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Yuan Shikai: A Reappraisal by Patrick Fuliang Shan (review)

Yuan Shikai: A Reappraisal by Patrick Fuliang Shan (review) Reviews 137 Patrick Fuliang Shan. Yuan Shikai: A Reappraisal. Vancouver: University of British Columbia Press, 2018. ix, 321 pp. Hardcover $49.95, ISBN 978-0-7748-3778-1. Since his death, Yuan Shikai has been one of the most controversial historical figures in modern China. For a long time, almost all the orthodox propaganda and scholarly works in both the Republican and the People’s Republican periods have consistently portrayed Yuan Shikai as traitor, reactionary, or national thief. Despite the recent revisionist studies in both China and the West that attempt to correct some of the stereotyped misperceptions about Yuan Shikai’s betrayal in the 1898 reform, brutality in suppressing the Boxers’ Uprising, opportunism in the late Qing, and his usurpation in 1915,a comprehensive and serious study on Yuan Shikai has yet to have been undertaken. Thanks to the newly released personal documents and correspondence of Yuan Shikai, Patrick Shan is able to take a new look at Yuan and write this book. In his book, Shan provide readers with a powerful and mostly convincing reappraisal of Yuan based on both primary sources with due attention to traditional and revisionist scholarship. It will surely be a significant addition to the study of Yuan Shikai as well http://www.deepdyve.com/assets/images/DeepDyve-Logo-lg.png China Review International University of Hawai'I Press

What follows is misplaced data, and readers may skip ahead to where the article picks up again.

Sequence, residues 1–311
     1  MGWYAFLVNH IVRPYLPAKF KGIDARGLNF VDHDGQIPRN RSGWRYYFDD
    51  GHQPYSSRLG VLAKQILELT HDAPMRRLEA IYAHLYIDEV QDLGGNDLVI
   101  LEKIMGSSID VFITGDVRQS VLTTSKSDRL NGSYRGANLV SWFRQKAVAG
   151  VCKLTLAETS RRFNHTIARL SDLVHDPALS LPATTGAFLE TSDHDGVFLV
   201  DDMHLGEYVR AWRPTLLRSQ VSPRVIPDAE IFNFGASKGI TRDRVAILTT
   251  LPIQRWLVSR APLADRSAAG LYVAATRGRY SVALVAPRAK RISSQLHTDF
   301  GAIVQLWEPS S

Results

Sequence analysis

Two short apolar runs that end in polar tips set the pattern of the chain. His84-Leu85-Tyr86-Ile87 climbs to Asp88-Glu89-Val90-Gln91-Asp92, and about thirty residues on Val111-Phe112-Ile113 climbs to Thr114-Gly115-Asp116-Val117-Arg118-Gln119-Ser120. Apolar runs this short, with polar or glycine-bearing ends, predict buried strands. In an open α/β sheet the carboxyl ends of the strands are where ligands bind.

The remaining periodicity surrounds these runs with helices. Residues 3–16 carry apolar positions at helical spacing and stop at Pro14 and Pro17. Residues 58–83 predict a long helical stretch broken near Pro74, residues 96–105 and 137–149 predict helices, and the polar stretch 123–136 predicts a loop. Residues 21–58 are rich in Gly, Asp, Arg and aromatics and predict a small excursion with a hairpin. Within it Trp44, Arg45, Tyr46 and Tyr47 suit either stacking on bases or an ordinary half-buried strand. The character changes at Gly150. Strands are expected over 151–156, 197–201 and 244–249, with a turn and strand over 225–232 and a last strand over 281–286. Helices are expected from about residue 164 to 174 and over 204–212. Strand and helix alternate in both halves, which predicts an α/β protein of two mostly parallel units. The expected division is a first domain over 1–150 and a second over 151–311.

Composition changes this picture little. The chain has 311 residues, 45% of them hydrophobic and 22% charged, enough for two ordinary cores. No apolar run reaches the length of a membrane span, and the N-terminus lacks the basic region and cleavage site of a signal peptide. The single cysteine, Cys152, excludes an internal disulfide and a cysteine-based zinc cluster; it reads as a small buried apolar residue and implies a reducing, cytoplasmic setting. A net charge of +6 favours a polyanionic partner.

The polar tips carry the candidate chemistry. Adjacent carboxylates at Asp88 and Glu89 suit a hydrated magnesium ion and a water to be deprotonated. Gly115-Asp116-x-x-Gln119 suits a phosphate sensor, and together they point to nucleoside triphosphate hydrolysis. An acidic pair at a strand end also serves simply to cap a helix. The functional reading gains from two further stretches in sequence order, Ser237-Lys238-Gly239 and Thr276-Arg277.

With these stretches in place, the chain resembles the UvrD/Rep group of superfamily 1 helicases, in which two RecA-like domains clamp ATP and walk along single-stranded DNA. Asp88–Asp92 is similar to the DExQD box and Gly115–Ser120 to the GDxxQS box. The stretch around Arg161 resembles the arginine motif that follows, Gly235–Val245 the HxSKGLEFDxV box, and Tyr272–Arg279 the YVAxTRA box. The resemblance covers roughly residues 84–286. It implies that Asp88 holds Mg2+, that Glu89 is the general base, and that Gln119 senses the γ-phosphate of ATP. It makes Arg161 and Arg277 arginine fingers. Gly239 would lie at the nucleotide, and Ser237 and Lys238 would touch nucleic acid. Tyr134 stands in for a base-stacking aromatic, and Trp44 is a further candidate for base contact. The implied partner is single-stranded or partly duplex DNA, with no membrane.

Yuan Shikai: A Reappraisal by Patrick Fuliang Shan (review)

China Review International , Volume 24 (2) – Jun 4, 2019

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Publisher
University of Hawai'I Press
Copyright
Copyright © University of Hawai'i Press.
ISSN
1527-9367

Abstract

Reviews 137 Patrick Fuliang Shan. Yuan Shikai: A Reappraisal. Vancouver: University of British Columbia Press, 2018. ix, 321 pp. Hardcover $49.95, ISBN 978-0-7748-3778-1. Since his death, Yuan Shikai has been one of the most controversial historical figures in modern China. For a long time, almost all the orthodox propaganda and scholarly works in both the Republican and the People’s Republican periods have consistently portrayed Yuan Shikai as traitor, reactionary, or national thief. Despite the recent revisionist studies in both China and the West that attempt to correct some of the stereotyped misperceptions about Yuan Shikai’s betrayal in the 1898 reform, brutality in suppressing the Boxers’ Uprising, opportunism in the late Qing, and his usurpation in 1915,a comprehensive and serious study on Yuan Shikai has yet to have been undertaken. Thanks to the newly released personal documents and correspondence of Yuan Shikai, Patrick Shan is able to take a new look at Yuan and write this book. In his book, Shan provide readers with a powerful and mostly convincing reappraisal of Yuan based on both primary sources with due attention to traditional and revisionist scholarship. It will surely be a significant addition to the study of Yuan Shikai as well

Journal

China Review InternationalUniversity of Hawai'I Press

Published: Jun 4, 2019

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